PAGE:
Amy is sweetly conflicted about the taste of power the game gives her over her boyfriend. Her blue armband gives her the power to confront the racism of the rich white kids, and uncovers an anger she didn’t realize she harbored. Adam has a harder time: “I was rewarded yesterday. You know why? For being submissive when a G4 chewed me out. I feel sick just thinking about it!”
The most noticeable feature of the Color Game’s understanding of class is how heavily it relies on humiliation. That’s simple necessity, since neither a college professor nor a high school teacher can actually take away their students’ food or shelter, deny them health care, or force them to live in unsafe neighborhoods. And yet necessity becomes a virtue here, as the students confront how deeply poverty and inequality humiliate those who endure them. Americans often blame the poor for their poverty (this is true across class lines; poor people blame themselves as well as their neighbors). All forms of need are treated as personal failure. This is the aspect of poverty that the Color Game can best replicate, and so the experiment overturns the assumption that the worst thing about poverty is that you have less stuff. (Monks have less stuff and they’re rarely ashamed of it, to use just one example.)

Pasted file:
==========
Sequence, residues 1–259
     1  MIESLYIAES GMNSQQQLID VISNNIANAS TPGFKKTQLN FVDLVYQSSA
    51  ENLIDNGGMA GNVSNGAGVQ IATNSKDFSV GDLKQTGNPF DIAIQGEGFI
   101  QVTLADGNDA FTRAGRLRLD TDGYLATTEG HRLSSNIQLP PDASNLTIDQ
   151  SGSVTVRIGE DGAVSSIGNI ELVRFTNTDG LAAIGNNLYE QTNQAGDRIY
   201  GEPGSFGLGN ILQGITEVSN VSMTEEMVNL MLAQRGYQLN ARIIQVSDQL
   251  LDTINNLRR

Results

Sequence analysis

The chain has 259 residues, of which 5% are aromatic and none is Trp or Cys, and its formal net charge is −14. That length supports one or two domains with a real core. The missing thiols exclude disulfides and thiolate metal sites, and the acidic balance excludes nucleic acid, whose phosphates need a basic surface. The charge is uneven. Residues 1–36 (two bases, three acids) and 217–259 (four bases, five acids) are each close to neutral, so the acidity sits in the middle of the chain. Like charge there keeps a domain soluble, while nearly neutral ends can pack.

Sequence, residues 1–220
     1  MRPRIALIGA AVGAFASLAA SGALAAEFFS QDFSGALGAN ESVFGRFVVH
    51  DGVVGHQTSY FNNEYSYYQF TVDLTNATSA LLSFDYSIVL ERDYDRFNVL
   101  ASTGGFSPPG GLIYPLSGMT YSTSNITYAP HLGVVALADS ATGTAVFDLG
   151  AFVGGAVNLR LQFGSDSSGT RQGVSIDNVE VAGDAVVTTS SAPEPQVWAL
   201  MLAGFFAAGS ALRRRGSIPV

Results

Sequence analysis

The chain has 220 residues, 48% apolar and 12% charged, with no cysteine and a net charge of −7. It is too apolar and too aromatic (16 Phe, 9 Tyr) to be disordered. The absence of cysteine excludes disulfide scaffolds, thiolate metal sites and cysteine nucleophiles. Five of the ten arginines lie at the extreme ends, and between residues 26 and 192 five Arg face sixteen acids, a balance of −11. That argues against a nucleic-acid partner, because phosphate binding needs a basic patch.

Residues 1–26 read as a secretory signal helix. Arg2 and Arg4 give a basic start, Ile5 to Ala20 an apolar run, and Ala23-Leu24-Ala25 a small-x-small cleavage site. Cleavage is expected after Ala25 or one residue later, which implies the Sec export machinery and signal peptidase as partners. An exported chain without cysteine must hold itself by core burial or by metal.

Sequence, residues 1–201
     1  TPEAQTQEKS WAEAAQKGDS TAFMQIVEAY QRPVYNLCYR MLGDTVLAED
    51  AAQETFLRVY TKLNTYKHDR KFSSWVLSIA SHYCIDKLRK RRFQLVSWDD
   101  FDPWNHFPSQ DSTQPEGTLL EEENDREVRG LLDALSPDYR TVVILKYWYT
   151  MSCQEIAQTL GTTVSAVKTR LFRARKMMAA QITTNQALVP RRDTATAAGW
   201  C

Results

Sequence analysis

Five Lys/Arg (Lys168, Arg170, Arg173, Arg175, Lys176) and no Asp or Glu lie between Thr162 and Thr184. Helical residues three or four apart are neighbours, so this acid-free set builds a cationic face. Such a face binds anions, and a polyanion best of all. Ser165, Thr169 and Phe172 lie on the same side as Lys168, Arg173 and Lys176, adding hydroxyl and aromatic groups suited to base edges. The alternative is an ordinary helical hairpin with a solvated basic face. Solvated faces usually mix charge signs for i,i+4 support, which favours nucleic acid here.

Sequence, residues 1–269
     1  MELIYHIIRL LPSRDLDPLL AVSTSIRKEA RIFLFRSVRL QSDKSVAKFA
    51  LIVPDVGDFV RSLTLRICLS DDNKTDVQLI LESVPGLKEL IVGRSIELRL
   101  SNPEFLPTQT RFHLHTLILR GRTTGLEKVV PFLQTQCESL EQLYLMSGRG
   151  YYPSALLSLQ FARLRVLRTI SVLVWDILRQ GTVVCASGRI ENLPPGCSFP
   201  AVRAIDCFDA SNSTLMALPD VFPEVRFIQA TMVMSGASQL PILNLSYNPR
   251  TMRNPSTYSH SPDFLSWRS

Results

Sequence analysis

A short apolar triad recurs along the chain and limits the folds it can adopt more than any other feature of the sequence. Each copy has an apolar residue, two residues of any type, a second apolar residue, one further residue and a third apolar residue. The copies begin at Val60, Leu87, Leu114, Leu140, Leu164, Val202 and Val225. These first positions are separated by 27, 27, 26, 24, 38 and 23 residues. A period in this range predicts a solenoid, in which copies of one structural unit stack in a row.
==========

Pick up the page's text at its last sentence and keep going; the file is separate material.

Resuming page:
The “lower-class” students quickly begin to experience self-doubt, feeling constantly scrutinized and vulnerable, even helpless. The scene where Brian, one of the enforcers of the game’s hierarchy, forces a Dark Green student to turn over her game diary so he can mock her private thoughts aloud is startlingly raw. This humiliation is deepened by the way the Color Game (in the novel) exposes the flaws in the meritocratic ideal. Tests are handed out in order by color, so the better your economic position, the more time you have. The “higher” colors even get easier tests. And of course the point is that even before the Game started, the intelligence and academic ability of the students didn’t define their worth—and their grades were never fair.